It is reassuring to see the depth of recent public commentary and concern in response to anticipated poor crop yields and food price increases due to drought and erratic weather across many of the world's breadbasket countries.
The 2007/8 food crisis is still fresh in the minds of those who witnessed its devastating effects – making an additional 75 to 80 million people hungry – and we are all anxious that history does not repeat itself.
Experts from across the agricultural production chain – farmer organisations, government officials, think tanks and the private sector – have all, from their various standpoints, spoken out about the vital need for policy reforms to avoid the next global food crisis. Their arguments have ranged from discouraging producer nations from introducing protectionist export bans to calling for the US to reconsider its current biofuels policy. China and the US have also strongly affirmed their plans to invest in Africa, in an effort to kick-start the continent's economic engine, a topic related to the central theme of a conference I will be addressing in Canberra this week.
Here I argue there is one more critical policy that has been neglected for several decades: investment in agricultural research.
Scientific research into crops, pests and diseases has resulted not only in higher yields, but also a more nutritious and more resilient food supply. In the last 60 years, innovations in agricultural research have helped to feed billions more people on the planet. Over the same period, in the developed world, food has become a small percentage of a family's income expenditure, only 10 percent for US families. We have come to expect cheap and abundant food – and had become complacent.
Advances in agriculture do not come easily, or quickly, however, and the outlook for our future food supply looks bad. The United Nations Food and Agriculture Organisation estimates that 77 percent of the 50 percent more food we must grow by 2050 will need to come from increasing crop yields -rather than the expansion of land under cultivation or higher intensity of farming. In the developing world, families continue to spend 80-90 percent of their income on food. While for most families in the developed world, these increases will have only a marginal effect on what they can afford to eat, for many millions of families in the poorest part of the world, such a price increase may mean one meal less a day. As simple and tragic as that.
The progress we have made to find ways to produce more food sustainably is increasingly under threat. Yield increases are slowing down to one percent per year now from around three percent in the 1960s. Not enough to meet rising demands. Yet over the last 30 years, foreign aid to agriculture, for example, has dropped from more than 20 percent to less than seven percent of the total budget.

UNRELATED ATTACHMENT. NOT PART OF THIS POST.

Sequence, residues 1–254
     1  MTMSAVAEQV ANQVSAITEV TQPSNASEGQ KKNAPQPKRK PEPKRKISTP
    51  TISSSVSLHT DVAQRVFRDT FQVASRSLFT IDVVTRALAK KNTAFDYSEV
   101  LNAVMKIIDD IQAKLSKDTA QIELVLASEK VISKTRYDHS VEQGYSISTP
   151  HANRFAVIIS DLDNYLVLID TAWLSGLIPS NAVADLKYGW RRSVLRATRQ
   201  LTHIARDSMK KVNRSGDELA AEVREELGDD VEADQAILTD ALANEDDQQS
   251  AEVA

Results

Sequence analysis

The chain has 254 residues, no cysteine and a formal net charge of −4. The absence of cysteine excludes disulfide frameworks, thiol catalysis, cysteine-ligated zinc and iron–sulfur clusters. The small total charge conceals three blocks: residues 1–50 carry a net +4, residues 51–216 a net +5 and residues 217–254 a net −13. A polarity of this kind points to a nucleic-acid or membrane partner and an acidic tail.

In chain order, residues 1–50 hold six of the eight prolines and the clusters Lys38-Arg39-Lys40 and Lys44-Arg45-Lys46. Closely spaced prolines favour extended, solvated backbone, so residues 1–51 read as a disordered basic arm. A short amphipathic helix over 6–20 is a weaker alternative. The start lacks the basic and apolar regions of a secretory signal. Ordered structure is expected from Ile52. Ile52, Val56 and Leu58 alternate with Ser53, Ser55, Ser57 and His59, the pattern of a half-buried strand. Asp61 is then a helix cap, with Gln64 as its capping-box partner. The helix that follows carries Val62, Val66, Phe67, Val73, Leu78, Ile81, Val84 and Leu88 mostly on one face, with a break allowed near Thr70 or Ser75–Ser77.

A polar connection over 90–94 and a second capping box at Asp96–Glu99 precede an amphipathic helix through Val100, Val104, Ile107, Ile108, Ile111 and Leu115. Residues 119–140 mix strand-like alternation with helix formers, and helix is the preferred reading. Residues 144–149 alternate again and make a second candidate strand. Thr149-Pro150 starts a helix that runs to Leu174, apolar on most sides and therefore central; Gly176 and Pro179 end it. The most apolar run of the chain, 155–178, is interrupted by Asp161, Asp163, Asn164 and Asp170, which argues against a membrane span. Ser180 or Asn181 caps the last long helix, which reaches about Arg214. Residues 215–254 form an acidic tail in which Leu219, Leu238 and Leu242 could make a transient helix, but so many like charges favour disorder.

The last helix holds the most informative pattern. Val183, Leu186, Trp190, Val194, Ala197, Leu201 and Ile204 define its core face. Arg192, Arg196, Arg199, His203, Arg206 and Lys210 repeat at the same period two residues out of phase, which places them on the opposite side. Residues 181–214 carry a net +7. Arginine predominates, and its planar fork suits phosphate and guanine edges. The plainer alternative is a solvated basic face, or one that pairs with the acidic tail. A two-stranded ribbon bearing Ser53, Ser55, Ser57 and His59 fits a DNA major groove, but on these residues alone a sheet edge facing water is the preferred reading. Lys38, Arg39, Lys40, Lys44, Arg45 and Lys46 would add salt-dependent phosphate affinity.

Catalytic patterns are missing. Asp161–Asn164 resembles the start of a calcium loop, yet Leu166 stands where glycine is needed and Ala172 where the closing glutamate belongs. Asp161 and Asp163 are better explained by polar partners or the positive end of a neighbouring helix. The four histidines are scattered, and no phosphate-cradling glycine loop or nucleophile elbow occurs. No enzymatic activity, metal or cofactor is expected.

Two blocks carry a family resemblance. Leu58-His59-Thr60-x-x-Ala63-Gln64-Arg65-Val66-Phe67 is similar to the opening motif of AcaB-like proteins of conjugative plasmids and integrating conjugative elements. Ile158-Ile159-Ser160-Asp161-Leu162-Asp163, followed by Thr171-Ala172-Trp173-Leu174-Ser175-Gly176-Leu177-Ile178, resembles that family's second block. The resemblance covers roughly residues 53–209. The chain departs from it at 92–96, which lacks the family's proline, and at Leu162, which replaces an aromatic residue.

The crop losses and associated price increases we face today are only the tip of the iceberg. We are struggling to keep up with an increasing population, increasing meat consumption as a result of growing incomes, increasing demand for biofuels to meet rising energy consumption, a degraded natural resource base with millions of acres of crop land eroded or saline, and the impacts of climate change such as increased droughts like we are experiencing today.
While private sector research addresses the needs of private sector farmers such as in Australia, it does not cater to the needs of poor small farmers in developing countries. Publicly-funded agricultural research continues to prioritise the staple crops of the developing world – rice, cassava, sweet potatoes and sorghum, among others – and the unique disease challenges and growing conditions which poor smallholder farmers face.
My organisation, the CGIAR Consortium, is the largest publicly funded international agricultural research partnership, and the scientists across our fifteen research centres have worked for more than forty years to create and promote crop varieties to meet these challenges. New rice varieties bred by the International Rice Research Institute, for instance, can now withstand complete water submergence for up to 17 days and still provide good yields, saving vulnerable livelihoods throughout Asia, who are often at risk from the effects of devastating monsoons. And thanks to the breeding of a nutrient-rich orange flesh sweet potato by HarvestPlus, partnering with organisations such as Australia's Flinders University women and children in Uganda and Mozambique are now receiving double their previous intake of vitamin A and have access to the sturdy, drought-tolerant crop for 10 months of the year.
We must reinvest in agriculture generally, and in agricultural research in particular, as a proven formula for reducing hunger and poverty, and we must reaffirm its place at the centre of the global political agenda. Fortunately we see that the food price crisis of 2007/8 has yielded a positive response. Support for agriculture is increasing. From a very low base investments are beginning to come back up, but there is still a long road to go. The food price hikes we see today are a timely reminder that achieving a food secure future for all is still the greatest challenge facing humanity in coming decades.
Frank Rijsberman will be discussing these issues and more at the Crawford Fund’s annual conference “The Scramble for Natural Resources: More Food, Less Land?” on 9-10 October in Parliament House, Canberra.
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